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1)First I want to say fantastic podcast guys. By far the best woodworking podcast out there. I recently discovered the podcast and have binge listened to old past episodes while building the cabinets for our new home.
We are building a new home with a shop / garage combo and I finally have the space to buy the tools that I have never had the space to own before. Next up on my list is a drill press and trying to decide what size to get. Bench top model vs floor model, size motor, features to look for, etc. I build furniture and cabinets mostly but like pushing my creative side and making other odd things as well. I want the best bang for the money but don’t mind spending a little extra to get what will be my lifetime drill press.
Thanks for your help. Keep up the good work. Plan to be a long time listener but I didn’t buy a SawStop so I might die soon! LOL. – Tom
2) My question is regarding learning more about design for my projects. Up to now most of my projects have been based on an existing design or product. I scroll Instagram, Pinterest, furniture store sites and find pieces similar to what I want and duplicate them or mash a few together to make my “own”. I’d like to start developing a design style of my own or pick a lane of design such as Mission or Greene and Greene and focus a little more on that.
Can you recommend any books or authors to give me a better understanding of the popular design periods that speak to the elements, features, woods used and so on for the various periods of design to help pick one?
I’d also be interested in any books that teach elements of a good design like proper proportions, and similar for furniture building so I can design and build a well balanced piece.
There is so much it might be impossible to put it all in a book, but you all offer good insight to us listeners so I’d welcome whatever you have to offer of any recommendations you might have. Thanks all! Mike
1) Gents – Found your show mid way through a 22-hour drive into Mexico. Listening to you – particularly Guy- reminds me of the people and shops I visited while a board member of the San Joaquin Fine Woodworking club in California. Simple, not too fussy advice that is useful for those picking up the woodworking hobby or far into the deep end this avocation. Keep up the good work.
You’ve spent a fair amount of time discussing the likes and dislikes of Waterlox. A recent project was a 42” x 78” patio table from 4/4 and 8/4 sapele. Legs are 5” square steel tube tapered and coped in a McIntosch style. As it would live outdoors, I opted to finish with Waterlox Marine Finish in gloss. Prep: Sand to 220 grit; vacuum and compressed air; wipe down with mineral spirits; apply Waterlox with a Jen foam brush. The first coat was a disaster with dime size voids in the finish … as if the surface was waxed before the Waterlox went down. I believe the cause was the mineral spirits: I applied the finish about a half hour after after the wipe down … something I often do without issue with spar urethane. Subsequent coats went down fine after letting the piece off gas for four days. My thinking is the tung oil interacted with the residual solvent. Thoughts? Thanks – Craig P.S. Mentioned the foam brush brand because I’ve found it to be the only that rivals a high quality bristle brush for brush application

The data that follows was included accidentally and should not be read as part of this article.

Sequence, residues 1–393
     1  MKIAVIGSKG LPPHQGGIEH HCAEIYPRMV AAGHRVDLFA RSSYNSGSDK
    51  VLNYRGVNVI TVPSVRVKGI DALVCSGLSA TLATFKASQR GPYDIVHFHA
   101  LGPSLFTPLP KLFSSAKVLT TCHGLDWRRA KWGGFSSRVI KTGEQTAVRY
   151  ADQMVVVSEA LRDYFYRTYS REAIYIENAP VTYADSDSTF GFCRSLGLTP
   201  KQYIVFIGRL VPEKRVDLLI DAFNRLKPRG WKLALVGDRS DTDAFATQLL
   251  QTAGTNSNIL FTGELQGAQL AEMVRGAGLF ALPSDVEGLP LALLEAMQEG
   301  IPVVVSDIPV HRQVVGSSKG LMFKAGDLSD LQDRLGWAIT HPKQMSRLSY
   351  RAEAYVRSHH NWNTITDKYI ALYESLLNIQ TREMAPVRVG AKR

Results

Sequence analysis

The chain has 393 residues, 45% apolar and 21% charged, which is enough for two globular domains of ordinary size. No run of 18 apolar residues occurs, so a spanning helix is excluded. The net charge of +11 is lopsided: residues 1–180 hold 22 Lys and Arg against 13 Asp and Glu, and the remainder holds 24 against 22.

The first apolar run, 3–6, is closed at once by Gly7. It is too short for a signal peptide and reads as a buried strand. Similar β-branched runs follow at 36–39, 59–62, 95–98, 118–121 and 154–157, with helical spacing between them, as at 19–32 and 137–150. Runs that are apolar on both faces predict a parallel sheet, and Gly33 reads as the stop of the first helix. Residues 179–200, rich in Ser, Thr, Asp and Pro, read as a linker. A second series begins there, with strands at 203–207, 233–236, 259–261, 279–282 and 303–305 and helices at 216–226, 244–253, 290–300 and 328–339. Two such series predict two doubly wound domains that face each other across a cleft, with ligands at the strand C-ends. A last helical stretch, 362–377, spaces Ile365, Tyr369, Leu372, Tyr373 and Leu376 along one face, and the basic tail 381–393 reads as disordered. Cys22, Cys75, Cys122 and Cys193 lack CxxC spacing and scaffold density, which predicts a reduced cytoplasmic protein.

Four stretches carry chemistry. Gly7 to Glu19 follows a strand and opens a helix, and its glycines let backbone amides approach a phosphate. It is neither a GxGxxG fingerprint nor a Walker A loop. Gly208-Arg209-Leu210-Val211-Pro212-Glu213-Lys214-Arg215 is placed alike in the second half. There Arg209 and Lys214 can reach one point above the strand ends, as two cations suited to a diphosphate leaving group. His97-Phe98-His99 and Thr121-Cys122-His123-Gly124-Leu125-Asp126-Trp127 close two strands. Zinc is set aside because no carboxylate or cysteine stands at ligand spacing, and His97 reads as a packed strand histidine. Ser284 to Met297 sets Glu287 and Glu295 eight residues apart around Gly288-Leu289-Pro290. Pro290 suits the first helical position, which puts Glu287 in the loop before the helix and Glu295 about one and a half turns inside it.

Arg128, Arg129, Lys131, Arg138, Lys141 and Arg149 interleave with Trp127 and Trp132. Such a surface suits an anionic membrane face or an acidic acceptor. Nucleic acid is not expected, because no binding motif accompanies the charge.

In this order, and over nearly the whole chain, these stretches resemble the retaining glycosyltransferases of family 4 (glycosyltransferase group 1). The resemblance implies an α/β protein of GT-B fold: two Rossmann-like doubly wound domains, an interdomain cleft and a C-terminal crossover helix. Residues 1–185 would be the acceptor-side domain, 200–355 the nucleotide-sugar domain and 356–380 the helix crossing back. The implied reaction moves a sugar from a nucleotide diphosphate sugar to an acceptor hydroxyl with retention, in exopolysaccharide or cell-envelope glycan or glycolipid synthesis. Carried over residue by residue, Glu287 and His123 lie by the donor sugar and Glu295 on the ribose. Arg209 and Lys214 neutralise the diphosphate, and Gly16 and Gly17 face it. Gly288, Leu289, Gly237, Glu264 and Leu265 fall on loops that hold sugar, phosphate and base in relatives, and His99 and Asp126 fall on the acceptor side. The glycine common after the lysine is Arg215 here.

2)Hi guys, thanks for the podcast, really helpful info! Keep hearing your requests for more questions, so here are a few.
You talked a lot about dust extraction recently. I’ve seen people claiming that by replacing the filter bag with a fine cartridge filter people have seen major improvements in the performance of their extractor units. Do you have any experience with these? Thanks for all the time you put in, love listening.
Best wishes – Chris (UK based enthusiastic amateur)
1)Hi, long time listener that truly appreciates all of the wisdom and humor you have provided over the years in your great podcast.
I have a couple design questions for a sofa and a pair of side tables I am making for my living room. They are a pretty simple design that uses mortise and tenon joinery for the aprons and legs. I use my router with a 1/4″ bit to make the mortise, and the table saw with a dado blade to make the tenons. The legs will be just under 2″ from the thickest material I can get from my 8/4 stock and about 28″ long. The aprons will be 3/4″thick and 6″ tall, they could be slightly thicker, they will come from 4/4 stock.
I want to try my hand at piston fit drawers instead of using drawer slides. How would you attach the inner structure that supports the drawers underneath and on the sides inside the table? I don’t have a domino or biscuit joiner. I have never had good results with pieces attached with pocket holes staying in place during installation and I am afraid the slight movement will ruin the piston fit. Thank you. Julio
Congratulations as you near your 100th episode, and well-deserved syndication riches. I’m about to complete my workbench of air dried black locust (top) and white oak (base). I am installing leg and twin screw tail vises. I will need to procure additional lumber for the thick components of both. I thought it might look nice to use some Walnut, but I can only get 12/4 kiln dried. I don’t see a problem with the leg chop, it’s attached with the vise hardware, but would dovetailing a kiln dried tail skirt onto an air dried laminated top would be asking for problems? Thank you for any advice or relevant anecdotes you may have.